By Howard Lee
Jillian, 11, would be the typical girl that the National Library Board thinks – of fears, as the case may be – would go the library on her own and pick up books that depict “alternative lifestyles” and “non-pro-family” values.
That was NLB’s justification for removing a number of titles recently, following public feedback.
Jillian could describe to a tee what one of the removed books, “And Tango Makes Three” was about. However, reading the book did not change her ideas about “family values”.
While acknowledging that same-sex parents were not usual, compared to her family of a father mother and two other siblings aged 7 and 4 – and dad cooks breakfast on weekends – she had this to say when I asked her what she felt was the most important lesson she learnt from the book: “A family does not need to be about a mother and father.”
Similarly, another father I spoke to shared that, when he asked his son: “What is a family?”, the 6-year-old’s simple reply was: “Love”.
In fact, those were the views echoed by many of the parents I spoke to yesterday at the Let’s Read Together event organised by a few individuals passionate about reading. The event saw a turnout of a few hundred, consisting parents and their children.
Stella, Jillian’s mother, felt that reading should be about giving children a chance to learn about different things. “I want them to know that everyone is special… that there is a lot you can learn from books.”
Indeed, concerns that children would have biased views about others based on their family composition seemed to have worried a number of parents that TOC interviewed at the event, including a single parent family, and those with mixed-race parents and adopted children.
Not having books as a medium for parents to introduce these concepts to their children and explain to them about discrimination appeared to have urged these parents to attend the event.
Put in perspective, this is a very real concern for society. The very stand NLB has taken on this issue implied that the statutory board has effectively sanctioned the marginalisation of certain family units, rather than encourage a broader acceptance of diversity.
On the other hand, concerns that such books would encourage children to adopt an “alternative lifestyle” did not rank high among the parents at the event. “It is crazy to think that just because my children read about gays, they would become gays,” exclaimed one mother of five.
In fact, early childhood educator Rachel Zeng expressed concern that NLB has not done its homework before deciding on removing books from its shelves. “IF NLB wants to know the impact that books have on children, they need to talk to the children themselves.”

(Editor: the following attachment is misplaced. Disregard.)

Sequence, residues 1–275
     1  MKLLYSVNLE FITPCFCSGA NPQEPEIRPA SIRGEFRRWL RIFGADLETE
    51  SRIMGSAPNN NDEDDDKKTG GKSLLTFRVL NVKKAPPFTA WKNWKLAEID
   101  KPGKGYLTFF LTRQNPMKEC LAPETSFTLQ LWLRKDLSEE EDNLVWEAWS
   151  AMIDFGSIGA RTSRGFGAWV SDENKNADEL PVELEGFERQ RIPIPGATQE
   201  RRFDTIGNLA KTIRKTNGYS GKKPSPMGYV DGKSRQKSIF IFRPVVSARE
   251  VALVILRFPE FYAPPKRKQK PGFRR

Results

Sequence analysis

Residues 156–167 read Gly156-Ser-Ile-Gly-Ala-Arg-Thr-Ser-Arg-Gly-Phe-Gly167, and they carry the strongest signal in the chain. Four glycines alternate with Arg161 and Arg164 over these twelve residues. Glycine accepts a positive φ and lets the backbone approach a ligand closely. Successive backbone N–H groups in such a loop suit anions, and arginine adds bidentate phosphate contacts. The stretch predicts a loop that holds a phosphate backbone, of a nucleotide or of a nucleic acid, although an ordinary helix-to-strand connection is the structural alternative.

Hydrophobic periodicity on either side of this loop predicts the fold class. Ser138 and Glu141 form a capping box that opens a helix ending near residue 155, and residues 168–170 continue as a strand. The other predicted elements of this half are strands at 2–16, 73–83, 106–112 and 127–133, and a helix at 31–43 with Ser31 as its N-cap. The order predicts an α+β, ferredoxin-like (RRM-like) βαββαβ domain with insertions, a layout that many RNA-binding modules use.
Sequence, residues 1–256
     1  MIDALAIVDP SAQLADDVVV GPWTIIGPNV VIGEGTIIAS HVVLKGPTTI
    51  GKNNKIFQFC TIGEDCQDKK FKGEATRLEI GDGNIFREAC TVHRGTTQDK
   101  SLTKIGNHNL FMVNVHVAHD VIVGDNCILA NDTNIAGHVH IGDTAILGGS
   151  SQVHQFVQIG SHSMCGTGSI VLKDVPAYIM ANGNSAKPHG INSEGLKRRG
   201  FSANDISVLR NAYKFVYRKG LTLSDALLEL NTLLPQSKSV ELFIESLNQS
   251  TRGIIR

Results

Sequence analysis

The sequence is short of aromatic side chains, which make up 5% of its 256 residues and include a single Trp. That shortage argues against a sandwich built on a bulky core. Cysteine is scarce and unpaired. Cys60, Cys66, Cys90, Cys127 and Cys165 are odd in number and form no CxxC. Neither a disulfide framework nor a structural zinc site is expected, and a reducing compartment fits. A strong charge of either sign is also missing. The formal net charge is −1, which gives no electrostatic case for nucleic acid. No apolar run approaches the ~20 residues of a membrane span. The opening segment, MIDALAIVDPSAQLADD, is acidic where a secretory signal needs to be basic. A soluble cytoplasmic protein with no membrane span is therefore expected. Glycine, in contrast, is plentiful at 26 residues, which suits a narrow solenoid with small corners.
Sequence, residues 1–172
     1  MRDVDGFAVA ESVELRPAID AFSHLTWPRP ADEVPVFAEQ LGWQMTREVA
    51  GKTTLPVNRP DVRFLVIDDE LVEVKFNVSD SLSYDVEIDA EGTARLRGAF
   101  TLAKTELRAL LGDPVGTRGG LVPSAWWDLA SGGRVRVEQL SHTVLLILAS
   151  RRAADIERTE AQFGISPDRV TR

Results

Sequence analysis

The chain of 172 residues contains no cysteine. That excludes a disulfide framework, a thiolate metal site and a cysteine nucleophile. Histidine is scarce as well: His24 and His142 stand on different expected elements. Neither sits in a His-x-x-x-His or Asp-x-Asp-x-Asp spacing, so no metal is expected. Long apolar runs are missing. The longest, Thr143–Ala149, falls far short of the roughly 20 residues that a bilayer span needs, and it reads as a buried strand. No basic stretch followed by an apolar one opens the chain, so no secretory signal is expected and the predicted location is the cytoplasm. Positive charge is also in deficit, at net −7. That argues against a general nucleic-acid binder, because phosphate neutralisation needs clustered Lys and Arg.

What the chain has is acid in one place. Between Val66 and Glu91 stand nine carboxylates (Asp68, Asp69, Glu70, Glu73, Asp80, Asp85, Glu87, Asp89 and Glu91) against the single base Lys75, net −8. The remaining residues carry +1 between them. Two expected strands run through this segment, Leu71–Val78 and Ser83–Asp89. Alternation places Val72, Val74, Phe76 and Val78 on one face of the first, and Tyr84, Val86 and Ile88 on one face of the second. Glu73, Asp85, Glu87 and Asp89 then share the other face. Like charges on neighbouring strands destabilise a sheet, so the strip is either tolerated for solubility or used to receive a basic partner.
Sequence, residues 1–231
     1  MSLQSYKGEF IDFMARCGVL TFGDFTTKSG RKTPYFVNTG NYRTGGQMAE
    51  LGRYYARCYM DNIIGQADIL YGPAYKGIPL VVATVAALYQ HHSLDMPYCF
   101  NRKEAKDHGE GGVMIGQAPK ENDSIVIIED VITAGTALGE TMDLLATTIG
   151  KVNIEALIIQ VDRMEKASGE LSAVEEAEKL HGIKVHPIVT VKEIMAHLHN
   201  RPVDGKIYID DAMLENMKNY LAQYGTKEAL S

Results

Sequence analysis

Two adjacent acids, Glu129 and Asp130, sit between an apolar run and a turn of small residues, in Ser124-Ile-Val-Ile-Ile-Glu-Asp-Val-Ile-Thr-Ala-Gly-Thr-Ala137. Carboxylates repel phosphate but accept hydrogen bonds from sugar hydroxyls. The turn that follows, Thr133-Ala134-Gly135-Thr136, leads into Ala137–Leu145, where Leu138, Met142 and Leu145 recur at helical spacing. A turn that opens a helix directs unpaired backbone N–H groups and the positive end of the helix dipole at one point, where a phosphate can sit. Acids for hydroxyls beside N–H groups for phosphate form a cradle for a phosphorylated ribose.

“I’m sad about NLB’s decision to pulp the books,” said Stella. “It’s a rash move and I think they should think about it a bit more before deciding.”
Concerns remain over NLB’s process of censuring books, which to date has not been made transparent to the public. All we had was the claim from NLB’s chief executive, Elaine Ng, “It’s unfortunate that it appears to be a knee-jerk reaction but we have an ongoing process of review.”
On the contrary, it was the parents who think that NLB’s withdrawal of the book was “knee-jerk” – one parent at the reading event used that exact same phrase on NLB – pandering to the interests of a few without giving adequate thought to a broader consensus. Exactly what was NLB’s review process? Who do they consult? Do they clarify with the writers? Do they do audience testing? Is it an independent body that reviews complaints made against books?
Parents and educators were not the only ones who did not buy Ms Ng’s claim. Writers Gwee Li Sui, Felix Cheong and other have boycotted an NLB writers’ festival event to express their unhappiness over the removal of the titles. The lack of transparency was a key concern to them, and it is not surprising given what they do for a living. Gwee, in particular, expressed concern that authors might not even know that their works have been removed, such was the opacity in NLB’s decision making process.
Evidently, NLB’s latest decision has gotten a lot of people agitated, but three missteps seem to be standing out like badly bruised sore thumbs – the lack of transparency over its book review process; the destruction of perfectly good books which for a library is akin to committing murder; and its decision to serve as an arbiter of “community norms”, a point that has been summarily rejected by the parents TOC spoke to. Even the “clarification” statement by the Minister for Communication and Information has done little to help, and has instead been widely criticised.
Sadly, NLB seems to see no urgent need to address such unhappiness properly. This episode will possibly go down as the worst phase in the public institution’s image. For society at large, its actions have further entrenched, not diffused, the cultural rifts that have recently surfaced in Singapore society. That should have been the last thing that a National Library should even be remotely associated with.
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